Sunday, June 9, 2013

Building the New Super Eagles

I am more convinced than ever that Stephen Keshi is on the right track in building a strong Nigerian national football team -- Super Eagles. Already, this has led to Nigeria winning the Cup of African Nations -- its first in 19 years! But it is not just about winning the Cup. It is also about how the team has chosen to play. The team is much faster, more aggressive defensively, and controls possession than it had done in recent memory.

I had watched one of the team's early games -- a 2-3 loss to Egypt in an international friendly -- and even then these ideas on team play had begun to emerge. On that day, we saw a team that pressured the ball and unsettled a highly regarded Egypt. Also on exhibit that day was the pace of the players. Nigerian football had before Keshi settled into a languid slow style of play but it became clear against Egypt that the team would play differently.

Of course, the team has grown since then. Before the Cup of Nations, I was convinced that Nigeria had a chance to win the trophy even though many expected either Ghana or Ivory Coast to emerge champion. That conviction came from the team's international friendly against a Catalunya Selection. The game ended 1-1 but I saw enough on that day to believe. The team was disciplined in defense with the team maintaining its shape and shifting to the strong side of the ball in a classic zone defense. While Catalunya craftily sought to counter the tactics by playing wide with the ball, Nigeria recovered in most cases to shift the defensive attention.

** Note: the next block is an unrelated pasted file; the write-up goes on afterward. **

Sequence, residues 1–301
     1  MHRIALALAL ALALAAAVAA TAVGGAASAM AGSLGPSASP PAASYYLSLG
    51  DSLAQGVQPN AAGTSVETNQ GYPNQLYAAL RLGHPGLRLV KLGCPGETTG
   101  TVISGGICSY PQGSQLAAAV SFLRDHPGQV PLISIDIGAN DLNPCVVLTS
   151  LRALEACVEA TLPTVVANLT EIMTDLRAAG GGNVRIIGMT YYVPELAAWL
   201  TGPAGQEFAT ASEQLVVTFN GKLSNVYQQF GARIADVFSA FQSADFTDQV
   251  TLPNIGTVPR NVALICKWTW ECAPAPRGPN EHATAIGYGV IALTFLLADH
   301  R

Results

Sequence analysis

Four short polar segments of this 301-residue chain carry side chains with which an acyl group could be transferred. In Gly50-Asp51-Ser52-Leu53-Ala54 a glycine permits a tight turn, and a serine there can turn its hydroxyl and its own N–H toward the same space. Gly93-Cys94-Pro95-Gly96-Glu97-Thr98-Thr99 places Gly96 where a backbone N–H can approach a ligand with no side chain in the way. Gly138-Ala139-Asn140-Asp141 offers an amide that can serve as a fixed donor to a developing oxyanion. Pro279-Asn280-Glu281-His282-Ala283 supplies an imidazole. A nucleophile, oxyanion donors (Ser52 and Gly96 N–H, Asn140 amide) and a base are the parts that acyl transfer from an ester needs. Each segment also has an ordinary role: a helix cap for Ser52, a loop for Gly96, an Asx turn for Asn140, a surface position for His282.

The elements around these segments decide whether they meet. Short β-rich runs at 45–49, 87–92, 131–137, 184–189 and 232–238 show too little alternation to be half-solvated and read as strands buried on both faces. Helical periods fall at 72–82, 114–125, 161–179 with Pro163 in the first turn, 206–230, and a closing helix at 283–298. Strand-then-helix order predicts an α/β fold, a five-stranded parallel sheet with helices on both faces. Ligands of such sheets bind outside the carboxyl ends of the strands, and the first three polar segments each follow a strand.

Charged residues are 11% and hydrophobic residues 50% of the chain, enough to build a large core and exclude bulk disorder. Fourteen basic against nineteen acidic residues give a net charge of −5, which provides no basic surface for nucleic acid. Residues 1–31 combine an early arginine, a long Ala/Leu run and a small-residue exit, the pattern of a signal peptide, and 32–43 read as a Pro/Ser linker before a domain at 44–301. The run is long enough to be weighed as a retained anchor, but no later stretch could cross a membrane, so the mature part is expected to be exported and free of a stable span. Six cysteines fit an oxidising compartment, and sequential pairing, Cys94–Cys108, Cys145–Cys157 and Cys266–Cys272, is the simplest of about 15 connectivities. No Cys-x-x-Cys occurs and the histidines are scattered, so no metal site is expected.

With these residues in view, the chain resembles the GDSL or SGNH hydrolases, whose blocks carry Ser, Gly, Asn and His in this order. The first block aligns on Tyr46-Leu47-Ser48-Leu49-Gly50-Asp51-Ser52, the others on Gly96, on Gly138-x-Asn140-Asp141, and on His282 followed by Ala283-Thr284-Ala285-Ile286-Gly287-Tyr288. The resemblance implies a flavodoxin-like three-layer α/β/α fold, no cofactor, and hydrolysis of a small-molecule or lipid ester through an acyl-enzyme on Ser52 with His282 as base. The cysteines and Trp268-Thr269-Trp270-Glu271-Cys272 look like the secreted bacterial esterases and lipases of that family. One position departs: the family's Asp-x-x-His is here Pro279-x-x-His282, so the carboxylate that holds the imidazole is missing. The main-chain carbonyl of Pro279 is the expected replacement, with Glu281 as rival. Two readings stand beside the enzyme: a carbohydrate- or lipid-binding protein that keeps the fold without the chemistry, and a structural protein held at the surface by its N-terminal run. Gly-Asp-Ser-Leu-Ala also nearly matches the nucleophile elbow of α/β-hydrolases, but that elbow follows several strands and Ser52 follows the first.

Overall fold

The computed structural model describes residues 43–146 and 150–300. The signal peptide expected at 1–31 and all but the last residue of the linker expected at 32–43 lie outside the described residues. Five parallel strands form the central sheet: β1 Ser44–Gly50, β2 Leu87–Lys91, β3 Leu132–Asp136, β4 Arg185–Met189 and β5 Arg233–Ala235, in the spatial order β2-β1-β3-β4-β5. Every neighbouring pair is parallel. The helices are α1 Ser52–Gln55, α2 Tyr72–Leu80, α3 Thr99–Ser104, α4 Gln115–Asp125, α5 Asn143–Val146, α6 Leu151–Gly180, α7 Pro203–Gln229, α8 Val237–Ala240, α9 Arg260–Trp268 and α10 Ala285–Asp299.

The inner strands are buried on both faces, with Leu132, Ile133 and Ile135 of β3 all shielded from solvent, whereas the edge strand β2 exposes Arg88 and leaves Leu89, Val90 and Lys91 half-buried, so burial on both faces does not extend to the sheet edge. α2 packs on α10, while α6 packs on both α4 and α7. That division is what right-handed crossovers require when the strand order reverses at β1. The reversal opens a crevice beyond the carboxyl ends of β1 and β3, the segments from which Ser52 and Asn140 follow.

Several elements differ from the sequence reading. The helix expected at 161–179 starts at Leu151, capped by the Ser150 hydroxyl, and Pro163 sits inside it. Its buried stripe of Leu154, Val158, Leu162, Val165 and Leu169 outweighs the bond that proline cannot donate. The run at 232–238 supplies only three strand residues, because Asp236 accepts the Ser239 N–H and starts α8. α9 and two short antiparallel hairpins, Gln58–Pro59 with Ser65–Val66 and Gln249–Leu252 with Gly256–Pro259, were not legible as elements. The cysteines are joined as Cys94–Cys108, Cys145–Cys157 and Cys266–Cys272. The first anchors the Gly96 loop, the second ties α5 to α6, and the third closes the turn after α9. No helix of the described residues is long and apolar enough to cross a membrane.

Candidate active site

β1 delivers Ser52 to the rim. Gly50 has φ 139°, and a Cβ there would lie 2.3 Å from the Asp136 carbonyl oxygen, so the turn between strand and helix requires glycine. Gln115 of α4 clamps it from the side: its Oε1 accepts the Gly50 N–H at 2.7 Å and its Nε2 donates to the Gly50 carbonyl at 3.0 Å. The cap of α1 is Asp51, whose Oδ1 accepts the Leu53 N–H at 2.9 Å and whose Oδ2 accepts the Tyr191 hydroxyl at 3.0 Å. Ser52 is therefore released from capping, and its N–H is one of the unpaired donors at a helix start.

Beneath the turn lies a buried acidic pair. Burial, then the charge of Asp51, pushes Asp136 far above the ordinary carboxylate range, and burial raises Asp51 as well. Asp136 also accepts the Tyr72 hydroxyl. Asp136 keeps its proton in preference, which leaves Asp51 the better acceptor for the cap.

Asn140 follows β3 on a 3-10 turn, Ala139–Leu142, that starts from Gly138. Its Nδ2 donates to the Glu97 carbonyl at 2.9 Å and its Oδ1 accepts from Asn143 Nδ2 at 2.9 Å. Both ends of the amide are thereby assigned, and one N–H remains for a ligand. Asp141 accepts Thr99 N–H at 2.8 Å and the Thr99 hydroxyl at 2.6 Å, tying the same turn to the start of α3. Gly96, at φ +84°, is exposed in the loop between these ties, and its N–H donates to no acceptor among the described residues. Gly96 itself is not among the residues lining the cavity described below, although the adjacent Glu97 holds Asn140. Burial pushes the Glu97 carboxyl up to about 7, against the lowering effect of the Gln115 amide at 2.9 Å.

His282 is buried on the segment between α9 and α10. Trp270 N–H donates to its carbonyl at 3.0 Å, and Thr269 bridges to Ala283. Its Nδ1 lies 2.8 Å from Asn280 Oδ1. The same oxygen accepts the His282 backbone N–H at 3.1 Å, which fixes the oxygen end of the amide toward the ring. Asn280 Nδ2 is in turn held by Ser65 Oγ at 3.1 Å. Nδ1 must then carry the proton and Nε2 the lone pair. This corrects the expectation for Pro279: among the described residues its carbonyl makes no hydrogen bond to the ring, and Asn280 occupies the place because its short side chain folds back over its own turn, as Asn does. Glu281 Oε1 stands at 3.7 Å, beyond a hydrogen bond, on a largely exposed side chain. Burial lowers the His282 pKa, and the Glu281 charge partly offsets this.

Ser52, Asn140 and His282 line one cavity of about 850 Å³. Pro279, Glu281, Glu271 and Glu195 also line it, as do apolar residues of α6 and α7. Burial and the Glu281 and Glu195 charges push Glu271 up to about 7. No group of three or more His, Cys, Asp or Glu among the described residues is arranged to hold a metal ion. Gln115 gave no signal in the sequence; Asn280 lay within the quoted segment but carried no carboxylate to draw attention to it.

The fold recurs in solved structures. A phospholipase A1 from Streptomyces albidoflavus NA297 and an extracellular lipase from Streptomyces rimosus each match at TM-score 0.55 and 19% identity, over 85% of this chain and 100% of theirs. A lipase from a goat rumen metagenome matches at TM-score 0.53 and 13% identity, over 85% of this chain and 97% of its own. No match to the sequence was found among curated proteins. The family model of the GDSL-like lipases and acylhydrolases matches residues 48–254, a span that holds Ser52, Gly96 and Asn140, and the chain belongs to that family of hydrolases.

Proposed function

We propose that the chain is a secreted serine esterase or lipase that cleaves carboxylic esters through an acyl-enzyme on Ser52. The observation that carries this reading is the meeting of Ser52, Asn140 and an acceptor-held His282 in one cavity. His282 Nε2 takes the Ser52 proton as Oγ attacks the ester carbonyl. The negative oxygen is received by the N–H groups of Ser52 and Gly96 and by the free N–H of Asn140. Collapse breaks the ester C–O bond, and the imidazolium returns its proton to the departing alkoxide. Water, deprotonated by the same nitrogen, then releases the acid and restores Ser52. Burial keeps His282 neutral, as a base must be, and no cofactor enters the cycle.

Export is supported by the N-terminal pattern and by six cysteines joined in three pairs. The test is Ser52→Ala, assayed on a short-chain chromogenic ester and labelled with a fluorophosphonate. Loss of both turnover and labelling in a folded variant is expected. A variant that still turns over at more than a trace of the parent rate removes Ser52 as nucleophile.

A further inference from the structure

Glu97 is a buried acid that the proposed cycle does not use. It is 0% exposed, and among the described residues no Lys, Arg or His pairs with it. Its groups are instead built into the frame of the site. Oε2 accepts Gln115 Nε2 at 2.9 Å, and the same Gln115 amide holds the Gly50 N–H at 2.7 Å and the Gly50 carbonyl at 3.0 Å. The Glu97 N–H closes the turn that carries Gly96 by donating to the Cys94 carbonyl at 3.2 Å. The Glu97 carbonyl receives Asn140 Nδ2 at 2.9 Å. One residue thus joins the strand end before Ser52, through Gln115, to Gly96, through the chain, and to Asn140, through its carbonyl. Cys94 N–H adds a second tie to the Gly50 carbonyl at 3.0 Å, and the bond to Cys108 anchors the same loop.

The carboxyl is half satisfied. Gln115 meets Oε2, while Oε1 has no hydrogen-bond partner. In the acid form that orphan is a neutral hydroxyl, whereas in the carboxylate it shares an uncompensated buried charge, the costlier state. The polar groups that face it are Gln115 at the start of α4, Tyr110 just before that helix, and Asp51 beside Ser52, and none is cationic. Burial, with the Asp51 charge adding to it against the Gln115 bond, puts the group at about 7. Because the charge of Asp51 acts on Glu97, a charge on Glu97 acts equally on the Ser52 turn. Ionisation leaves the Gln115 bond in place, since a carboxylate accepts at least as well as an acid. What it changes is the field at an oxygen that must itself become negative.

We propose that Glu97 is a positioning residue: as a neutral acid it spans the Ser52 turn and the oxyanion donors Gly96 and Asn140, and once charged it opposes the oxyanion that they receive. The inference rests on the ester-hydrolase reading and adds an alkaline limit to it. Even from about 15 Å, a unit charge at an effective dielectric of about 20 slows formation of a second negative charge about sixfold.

Winning the Cup of Nations later in South Africa was indeed not entirely unexpected. However, the way the team dominated the tournament was surprising against the more respected Ivorien team. Nigeria underlined its arrival with ball possession which it dominated against its opponents in each game except in the Ivory Coast game which the statistics showed a 50:50 tie on possession.

Beyond the team's play on the field, the coach has clearly made his mark on the team in several other ways. He has boldly dropped some previously 'sacred' players and then has steadfastly worked to build a strong local team from which the full national team has benefitted.

What the coach is building is a sustainable team. That much is clear. Importantly, he knows that the team is not complete. Not just yet. In the coming months we expect a continued building of this team as Nigeria seeks a place at the 2014 World Cup finals. Good luck.